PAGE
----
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Reply To: Tossing the Golden Ball,” with mythologist Catherine Svehla, Ph.D.”


Hi James,

Lots of wonderful questions and ideas here. I haven’t had a chance to digest your addendum:)  but will respond to your initial post now. Some thoughts beginning with the significance of metaphor….

Metaphors are more than figures of speech. They are a cornerstone of thought and a vocabulary of meaning. As Jung observed, people think and learn through analogy, that is, we understand one thing by comparing it to something else. A metaphor is a type of analogy but in this case, the comparison goes beyond similarities and into new webs of association. This is the poetic quality of metaphor and its power as a holder of evolving, multiple meanings. A metaphor can bridge the knowable and the unknown, “God” being one example.

Metaphors catalyze imagination. Imagination is a form of thought.

As a symbolic language, myths are comprised of metaphors. You can locate yourself in a story even if the literal details don’t apply (the story is about a princess and I am not a princess) by seeing through the metaphor (if I am the princess, how am I like the princess, have I ever acted like the princess, could I be the princess, how am I not the princess, etc. and what does this mean?).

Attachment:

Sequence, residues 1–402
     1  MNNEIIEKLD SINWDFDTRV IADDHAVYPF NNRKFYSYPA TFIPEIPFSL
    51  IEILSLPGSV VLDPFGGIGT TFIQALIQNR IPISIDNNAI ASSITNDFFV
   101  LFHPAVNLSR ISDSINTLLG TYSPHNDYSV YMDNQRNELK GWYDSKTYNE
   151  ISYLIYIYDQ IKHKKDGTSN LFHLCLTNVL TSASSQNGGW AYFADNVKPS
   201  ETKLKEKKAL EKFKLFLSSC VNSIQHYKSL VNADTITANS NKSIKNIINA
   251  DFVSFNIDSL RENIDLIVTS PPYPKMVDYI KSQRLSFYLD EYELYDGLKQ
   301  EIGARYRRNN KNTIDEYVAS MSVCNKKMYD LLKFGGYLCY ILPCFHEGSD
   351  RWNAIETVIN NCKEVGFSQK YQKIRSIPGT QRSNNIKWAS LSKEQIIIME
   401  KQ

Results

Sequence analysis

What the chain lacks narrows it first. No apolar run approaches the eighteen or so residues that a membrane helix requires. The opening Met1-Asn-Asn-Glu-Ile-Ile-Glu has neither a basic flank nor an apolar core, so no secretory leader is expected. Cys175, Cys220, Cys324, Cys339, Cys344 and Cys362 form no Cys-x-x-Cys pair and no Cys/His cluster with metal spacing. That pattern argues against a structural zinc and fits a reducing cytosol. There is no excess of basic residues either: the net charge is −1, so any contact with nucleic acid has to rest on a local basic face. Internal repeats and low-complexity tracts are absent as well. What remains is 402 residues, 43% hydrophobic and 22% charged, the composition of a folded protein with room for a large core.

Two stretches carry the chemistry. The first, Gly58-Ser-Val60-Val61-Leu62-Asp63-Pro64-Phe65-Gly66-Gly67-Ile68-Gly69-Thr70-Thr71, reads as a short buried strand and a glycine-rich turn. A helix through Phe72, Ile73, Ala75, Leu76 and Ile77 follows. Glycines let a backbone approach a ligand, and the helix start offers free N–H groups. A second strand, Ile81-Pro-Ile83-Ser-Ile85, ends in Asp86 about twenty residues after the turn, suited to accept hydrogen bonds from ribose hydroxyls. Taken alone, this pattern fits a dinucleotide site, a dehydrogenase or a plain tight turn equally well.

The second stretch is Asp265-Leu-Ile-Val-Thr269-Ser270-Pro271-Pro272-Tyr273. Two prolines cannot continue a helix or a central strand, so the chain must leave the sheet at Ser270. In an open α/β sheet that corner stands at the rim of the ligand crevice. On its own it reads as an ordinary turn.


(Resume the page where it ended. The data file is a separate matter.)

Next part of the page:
Approaching myths this way is useful because they open what is otherwise factual, literal, to a wider web of meaning and to the conscious imagination. This change in context alone can alter the experience and lend it value. It can generate questions that lead to insight. It can also deepen your understanding of what is at work and provide options, and as Joseph Campbell says, you realize that you’re not alone. The existence of a story in which you can locate your experience tells you that others have gone through something similar before.

When you see events in your life metaphorically, you discover their mythic dimension. The mythic is always present although few of us consistently look for it. I understand personal myth as a process of discovery. You find out what is at work. How you respond to what you find is a creative process, but I don’t think deciding to craft a personal myth for yourself is fruitful unless you are willing to be guided by what is already present, even if it leads to places that you don’t want to go.

Dreams and major epiphanies are important and yet, the mythic shows up in everywhere. For example, in the mythic pattern readings that I offer, a person’s word choice and mode of thought expresses as much as the factual content of the autobiography. Seeing through or thinking with a story, like the little exercise of “The Frog King” in my essay, can be very revealing. What strikes you about a story, especially the questions that arise, can lead you into the mythic dimension if you pursue them.

I’m so glad that you found “Blisters on the way to Bliss” useful. Thank you for telling me. I’m posting the link to download the pdf here in case others are inspired to check it out.
warmly, Catherine